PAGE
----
Sewickley Council approves rezoning request despite spot zoning worry
Sewickley Council rezoned one parcel of property along Waterworks Road, despite the borough's planning commission's concern that the move could be spot zoning.
Council voted 6-2, with members Stan Ference and James Morrill voting no. Carole Ford was absent.
Ference and Morrill sided with a planning commission vote earlier this month against recommending the zoning change from open space.
“Having been the council representative to planning … Planning is very conscious of how they are perceived by council and what their role is,” Ference said.
“I would encourage council to support planning. These are reasons why we have a planning commission.”
Sewickley Heights resident James Rock in February bought 13.6 acres of Waterworks Park in Sewickley for $350,000.
Rock, whose property in Sewickley Heights borders the Sewickley land, said he plans to sell nine acres to Sewickley-based nonprofit Allegheny Land Trust for preservation and park land.
He intends to keep the remaining four acres in Sewickley.
Rock said he and his wife have considered building a home on the four acres they plan to keep.
“If or when we or our children or offspring decide to build a home, that's great,” he said, adding there are no immediate plans.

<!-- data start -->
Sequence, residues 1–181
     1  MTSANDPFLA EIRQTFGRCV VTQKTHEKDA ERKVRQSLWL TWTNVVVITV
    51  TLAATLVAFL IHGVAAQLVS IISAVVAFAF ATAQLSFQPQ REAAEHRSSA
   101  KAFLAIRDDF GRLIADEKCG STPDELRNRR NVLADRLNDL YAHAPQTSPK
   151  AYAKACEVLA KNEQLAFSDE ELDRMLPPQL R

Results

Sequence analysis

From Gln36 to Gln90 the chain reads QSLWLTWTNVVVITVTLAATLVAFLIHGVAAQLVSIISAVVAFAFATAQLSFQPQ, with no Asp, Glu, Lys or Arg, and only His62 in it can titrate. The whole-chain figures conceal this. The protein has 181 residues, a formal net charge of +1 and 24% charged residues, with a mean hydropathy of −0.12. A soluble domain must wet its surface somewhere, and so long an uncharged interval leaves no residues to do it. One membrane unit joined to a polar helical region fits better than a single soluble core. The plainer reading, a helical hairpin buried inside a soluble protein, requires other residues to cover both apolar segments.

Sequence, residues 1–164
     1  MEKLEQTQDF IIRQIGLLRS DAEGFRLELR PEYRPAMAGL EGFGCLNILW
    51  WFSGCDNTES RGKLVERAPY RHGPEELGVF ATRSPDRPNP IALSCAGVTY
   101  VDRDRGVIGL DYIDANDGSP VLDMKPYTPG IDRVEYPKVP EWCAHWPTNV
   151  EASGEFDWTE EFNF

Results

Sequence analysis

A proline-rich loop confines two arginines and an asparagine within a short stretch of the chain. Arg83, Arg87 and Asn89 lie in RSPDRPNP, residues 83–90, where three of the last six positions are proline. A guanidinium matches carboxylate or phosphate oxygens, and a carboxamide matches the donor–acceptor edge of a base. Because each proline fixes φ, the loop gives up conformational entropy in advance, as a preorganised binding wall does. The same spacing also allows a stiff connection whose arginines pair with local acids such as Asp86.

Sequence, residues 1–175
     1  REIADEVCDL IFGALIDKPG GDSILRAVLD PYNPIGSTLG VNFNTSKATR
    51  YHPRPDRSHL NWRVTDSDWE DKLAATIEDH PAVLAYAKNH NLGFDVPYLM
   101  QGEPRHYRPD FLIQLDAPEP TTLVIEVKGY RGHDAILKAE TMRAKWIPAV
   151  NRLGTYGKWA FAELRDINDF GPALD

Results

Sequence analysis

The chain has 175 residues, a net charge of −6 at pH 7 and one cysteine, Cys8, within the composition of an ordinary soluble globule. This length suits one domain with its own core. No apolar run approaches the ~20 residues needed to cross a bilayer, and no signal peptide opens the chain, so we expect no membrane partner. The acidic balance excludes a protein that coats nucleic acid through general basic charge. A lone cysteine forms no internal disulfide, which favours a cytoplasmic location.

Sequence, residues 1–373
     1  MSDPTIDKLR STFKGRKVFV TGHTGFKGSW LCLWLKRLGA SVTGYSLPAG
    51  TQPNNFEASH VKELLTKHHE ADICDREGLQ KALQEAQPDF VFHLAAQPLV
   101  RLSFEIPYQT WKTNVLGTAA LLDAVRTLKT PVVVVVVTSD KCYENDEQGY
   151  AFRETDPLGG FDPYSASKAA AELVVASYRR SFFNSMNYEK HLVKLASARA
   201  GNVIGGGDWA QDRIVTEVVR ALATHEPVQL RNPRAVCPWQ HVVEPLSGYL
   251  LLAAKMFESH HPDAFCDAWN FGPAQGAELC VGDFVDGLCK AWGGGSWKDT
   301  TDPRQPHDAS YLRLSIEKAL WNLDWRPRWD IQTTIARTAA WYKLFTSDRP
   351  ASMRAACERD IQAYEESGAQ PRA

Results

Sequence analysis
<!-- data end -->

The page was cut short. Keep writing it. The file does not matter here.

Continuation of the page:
“The reason we purchased the property was to prevent any wide-scale development.
“We were very concerned once we moved there and had heard word that the property had been up for sale, that we could end up with a housing development or something significant next door.”
If Rock builds on the land, connections to sewer and water lines and other utilities would be needed.
Morrill said planning commission members had “valid” reasons for denying the recommendation.
Commission member Tom Rostek previously outlined four concerns: He said rezoning would be “inconsistent” with a plan outlined with Aleppo and Glen Osborne, and a new R-1, residential designation would “create a zone that will not resemble any other land use in the area.”
Also, the four acres would be surrounded by the Sewickley Heights border and an open space zone for Waterworks Park. Rostek said he thinks the zoning for abutting property in Sewickley Heights differs from that in Sewickley, noting that acreage and sizes are different specifications.
And Rostek said rezoning the property would “undermine any appropriate and organized planning effort that we have in this Waterworks area (and) that this is a reaction-type response.”
Council member Charlie Driscoll said council should make its own decision.
“Yes, there was a vote. There were two very significant ‘no' votes,” Driscoll said, noting that planning commission member Erica Kagle and Chairman Paul Pigman voted no.
The Waterworks property matter isn't the first time Sewickley leaders have faced a spot zoning claim.
In 2010, Sewickley resident Michael Lyons filed a lawsuit against Sewickley and the zoning hearing board to fight rezoning that would enable office space and homes to be built at the former site of the Sewickley Country Inn.
Sewickley officials rezoned the land after a developer presented plans to demolish the hotel's several buildings and replace them with office buildings along Route 65 and town homes along Thorn Street. The borough has spent more than $62,000 in legal fees since Lyons sued.
Bobby Cherry is a staff writer for Trib Total Media. Reach him at 412-324-1408 or email@example.com.